Having a well is great. I drank well water for 25 or more years of my life, but as a prepper you need a solar or manual backup option, maybe even both. Don’t rely on utility power to provide you with water because they day may come when it won’t be there.

Gas and Oil Wells

Even before fracking, some rural residents in Pennsylvania and parts of West Virginia had gas wells or oil wells on their property. (Unfortunately, this is not an option for us.) Many times, the people with gas wells got free natural gas for their property.

If you are lucky enough to find one of these properties, then having a natural gas powered whole-house generator makes sense. So does stocking lots of spare parts.

I’ve never been to oil country in Texas, Oklahoma or Canada, but I can’t help but think there could be some advantages to having your own source of hydrocarbons handy in a post SHTF world. For example, you could build a steam engine that would run on crude and then use the engine to power an alternator or generator.

Avoid Nuclear Target Areas

Five years ago, no one was worried about living in what might be a target for Russian nuclear missiles. Today, I’d be worried. Just goes to show you how fast things can change.

There are maps online and in reference books that will show you expected targets for enemy warheads and resulting fallout (here is one example and here is another which we pictured above), but these are just guesses. Of course, some guesses, like our Minute Man missile fields and key naval and air bases, are pretty obvious. Still, maps like these may be helpful in telling you where not to settle.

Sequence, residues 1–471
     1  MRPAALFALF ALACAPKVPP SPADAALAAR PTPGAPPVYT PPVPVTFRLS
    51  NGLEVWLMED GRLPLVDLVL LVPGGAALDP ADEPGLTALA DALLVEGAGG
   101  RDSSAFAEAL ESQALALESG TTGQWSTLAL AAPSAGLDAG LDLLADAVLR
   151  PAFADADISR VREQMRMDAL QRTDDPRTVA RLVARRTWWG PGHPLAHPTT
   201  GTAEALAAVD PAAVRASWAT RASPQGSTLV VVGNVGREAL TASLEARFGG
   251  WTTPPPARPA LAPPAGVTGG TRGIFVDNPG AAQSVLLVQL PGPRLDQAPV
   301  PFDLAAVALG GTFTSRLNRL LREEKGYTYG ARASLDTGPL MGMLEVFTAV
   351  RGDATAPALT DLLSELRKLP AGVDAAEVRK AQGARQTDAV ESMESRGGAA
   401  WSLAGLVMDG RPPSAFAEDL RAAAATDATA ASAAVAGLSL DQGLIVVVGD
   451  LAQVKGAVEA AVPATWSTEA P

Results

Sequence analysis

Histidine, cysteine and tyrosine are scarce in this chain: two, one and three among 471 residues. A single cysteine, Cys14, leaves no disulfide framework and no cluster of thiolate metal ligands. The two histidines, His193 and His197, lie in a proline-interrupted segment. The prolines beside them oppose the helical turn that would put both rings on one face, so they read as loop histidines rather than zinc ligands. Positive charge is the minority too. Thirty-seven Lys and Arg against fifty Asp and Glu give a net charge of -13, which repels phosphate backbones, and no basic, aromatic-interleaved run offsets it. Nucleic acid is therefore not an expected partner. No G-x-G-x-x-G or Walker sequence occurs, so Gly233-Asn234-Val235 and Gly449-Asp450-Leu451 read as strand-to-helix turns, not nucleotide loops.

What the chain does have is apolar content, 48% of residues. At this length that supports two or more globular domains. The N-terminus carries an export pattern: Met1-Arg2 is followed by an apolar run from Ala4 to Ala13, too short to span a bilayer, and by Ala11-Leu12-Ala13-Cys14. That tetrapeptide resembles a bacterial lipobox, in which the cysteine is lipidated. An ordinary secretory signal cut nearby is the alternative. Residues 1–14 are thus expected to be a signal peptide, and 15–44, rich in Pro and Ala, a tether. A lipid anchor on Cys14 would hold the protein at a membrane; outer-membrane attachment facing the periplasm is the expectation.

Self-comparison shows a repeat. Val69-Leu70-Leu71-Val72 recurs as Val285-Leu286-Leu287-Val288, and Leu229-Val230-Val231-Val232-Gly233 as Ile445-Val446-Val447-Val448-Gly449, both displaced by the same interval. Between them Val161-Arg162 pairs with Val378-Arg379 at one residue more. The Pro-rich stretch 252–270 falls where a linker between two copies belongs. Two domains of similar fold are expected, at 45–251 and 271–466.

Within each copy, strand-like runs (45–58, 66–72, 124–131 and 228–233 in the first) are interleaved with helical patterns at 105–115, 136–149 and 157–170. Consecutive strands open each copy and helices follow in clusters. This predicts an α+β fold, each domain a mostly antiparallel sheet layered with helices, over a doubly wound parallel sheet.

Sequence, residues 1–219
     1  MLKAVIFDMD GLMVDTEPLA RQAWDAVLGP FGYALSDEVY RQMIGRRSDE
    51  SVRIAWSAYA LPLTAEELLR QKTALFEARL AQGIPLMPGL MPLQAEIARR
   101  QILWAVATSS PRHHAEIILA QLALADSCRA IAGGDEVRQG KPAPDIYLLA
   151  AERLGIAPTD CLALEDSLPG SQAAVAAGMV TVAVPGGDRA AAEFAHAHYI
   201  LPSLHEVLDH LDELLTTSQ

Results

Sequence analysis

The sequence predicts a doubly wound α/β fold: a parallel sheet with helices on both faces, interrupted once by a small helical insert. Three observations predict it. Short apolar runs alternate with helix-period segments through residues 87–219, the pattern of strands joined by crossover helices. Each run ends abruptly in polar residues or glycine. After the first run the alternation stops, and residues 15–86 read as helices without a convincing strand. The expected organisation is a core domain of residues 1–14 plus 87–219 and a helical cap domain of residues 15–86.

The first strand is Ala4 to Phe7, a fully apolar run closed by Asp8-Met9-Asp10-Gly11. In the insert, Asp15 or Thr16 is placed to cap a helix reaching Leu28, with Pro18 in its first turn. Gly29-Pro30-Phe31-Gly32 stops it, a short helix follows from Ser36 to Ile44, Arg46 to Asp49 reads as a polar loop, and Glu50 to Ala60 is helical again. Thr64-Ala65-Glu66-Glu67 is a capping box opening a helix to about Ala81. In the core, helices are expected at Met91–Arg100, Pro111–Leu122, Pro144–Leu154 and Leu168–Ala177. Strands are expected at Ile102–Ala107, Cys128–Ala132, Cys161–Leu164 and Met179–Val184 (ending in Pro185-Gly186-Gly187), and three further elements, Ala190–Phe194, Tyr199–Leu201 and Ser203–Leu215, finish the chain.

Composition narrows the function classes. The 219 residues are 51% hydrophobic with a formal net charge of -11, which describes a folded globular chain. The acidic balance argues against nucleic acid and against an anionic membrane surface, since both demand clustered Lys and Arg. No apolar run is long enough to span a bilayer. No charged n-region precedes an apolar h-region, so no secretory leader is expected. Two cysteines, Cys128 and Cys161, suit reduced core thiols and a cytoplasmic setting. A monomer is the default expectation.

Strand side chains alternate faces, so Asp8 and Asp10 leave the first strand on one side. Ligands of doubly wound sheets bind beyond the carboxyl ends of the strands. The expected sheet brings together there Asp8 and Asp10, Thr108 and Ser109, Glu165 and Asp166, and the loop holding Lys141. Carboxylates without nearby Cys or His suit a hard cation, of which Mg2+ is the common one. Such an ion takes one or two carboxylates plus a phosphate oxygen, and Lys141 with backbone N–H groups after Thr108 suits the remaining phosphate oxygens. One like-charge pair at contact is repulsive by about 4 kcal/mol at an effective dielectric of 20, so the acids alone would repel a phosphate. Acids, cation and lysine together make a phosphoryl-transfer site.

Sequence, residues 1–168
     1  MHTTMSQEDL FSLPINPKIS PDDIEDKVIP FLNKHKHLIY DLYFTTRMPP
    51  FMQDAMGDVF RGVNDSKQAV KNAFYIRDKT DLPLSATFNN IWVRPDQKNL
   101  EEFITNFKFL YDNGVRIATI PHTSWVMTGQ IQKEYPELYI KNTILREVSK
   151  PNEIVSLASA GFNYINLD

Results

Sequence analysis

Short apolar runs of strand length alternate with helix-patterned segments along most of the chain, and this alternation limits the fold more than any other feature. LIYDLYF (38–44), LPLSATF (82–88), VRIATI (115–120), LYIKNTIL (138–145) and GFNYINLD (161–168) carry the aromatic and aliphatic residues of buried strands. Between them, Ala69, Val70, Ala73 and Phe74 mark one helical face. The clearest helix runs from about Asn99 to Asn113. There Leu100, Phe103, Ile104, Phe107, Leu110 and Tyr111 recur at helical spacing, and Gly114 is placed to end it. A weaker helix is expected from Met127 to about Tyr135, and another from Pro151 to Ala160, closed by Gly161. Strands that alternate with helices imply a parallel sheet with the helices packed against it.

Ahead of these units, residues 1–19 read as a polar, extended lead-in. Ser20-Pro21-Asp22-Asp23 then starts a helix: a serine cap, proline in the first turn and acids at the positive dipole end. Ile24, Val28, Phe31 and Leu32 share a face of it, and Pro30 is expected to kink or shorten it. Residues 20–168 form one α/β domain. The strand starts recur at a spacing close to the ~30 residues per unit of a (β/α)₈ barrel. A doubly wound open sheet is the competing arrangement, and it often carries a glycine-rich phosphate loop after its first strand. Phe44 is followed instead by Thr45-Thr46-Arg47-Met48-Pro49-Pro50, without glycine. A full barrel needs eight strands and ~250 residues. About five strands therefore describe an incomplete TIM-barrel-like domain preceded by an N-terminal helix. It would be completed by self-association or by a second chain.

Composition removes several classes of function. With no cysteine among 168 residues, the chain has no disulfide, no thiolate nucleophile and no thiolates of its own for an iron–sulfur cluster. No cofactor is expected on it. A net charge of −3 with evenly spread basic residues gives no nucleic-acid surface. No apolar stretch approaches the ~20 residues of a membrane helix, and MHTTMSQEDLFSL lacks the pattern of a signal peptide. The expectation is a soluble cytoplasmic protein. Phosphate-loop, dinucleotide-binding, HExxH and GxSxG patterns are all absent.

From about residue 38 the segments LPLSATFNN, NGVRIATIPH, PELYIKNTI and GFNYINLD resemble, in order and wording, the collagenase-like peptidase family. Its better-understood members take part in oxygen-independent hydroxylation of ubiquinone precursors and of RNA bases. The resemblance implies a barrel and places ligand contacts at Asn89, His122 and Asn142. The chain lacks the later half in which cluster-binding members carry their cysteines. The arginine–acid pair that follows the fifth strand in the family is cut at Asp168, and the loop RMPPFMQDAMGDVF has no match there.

Besides avoiding targets of military value, this is yet another reason to avoid large cities. I can’t imagine a war in which an adversary doesn’t target New York, Washington, Los Angeles, and other large cities.

Finally, avoid living downwind from nuclear power plants. If these are not targets, a loss of the grid and potential EMP effects could cause a meltdown.

Trade-Offs and Compromises

No matter how long you look, you’ll never find your perfect place. Even if you build your own place, there will be things you come to wish you had done differently. The key is to make compromises you can live with.

One thing on our list we didn’t get was a propane stove and oven. After we moved in, we looked into it and decided not to make that change, at least not right now. If all our appliances die, we may reconsider. For now, we’re happy with the induction cook top. In a TEOTWAWKI situation, we’ll cook on an outdoor rocket stove when it is hot and on the wood stove when it is cold. Ideal? No, but doable.

We also do not border state land or a park, an original goal, but we’re satisfied that there is enough undeveloped (and pretty much undevelopable) land around here that it won’t grow too crowded.

In hindsight, the one thing I wish we hadn’t compromised on was our desire for “a mixture of pasture and woodland.” We don’t have pasture and we could use more flat land for a larger garden. We can make do, but if we end up with 8 or 10 people living here in a post-SHTF scenario, we’ll wish we had more acreage. My guess is that we’ll be helping our neighbors garden on their property because they have more open space and not enough manpower.

At the end of the day, we’re glad to be here. We are comfortable, happy and feel safe, and that’s what matters.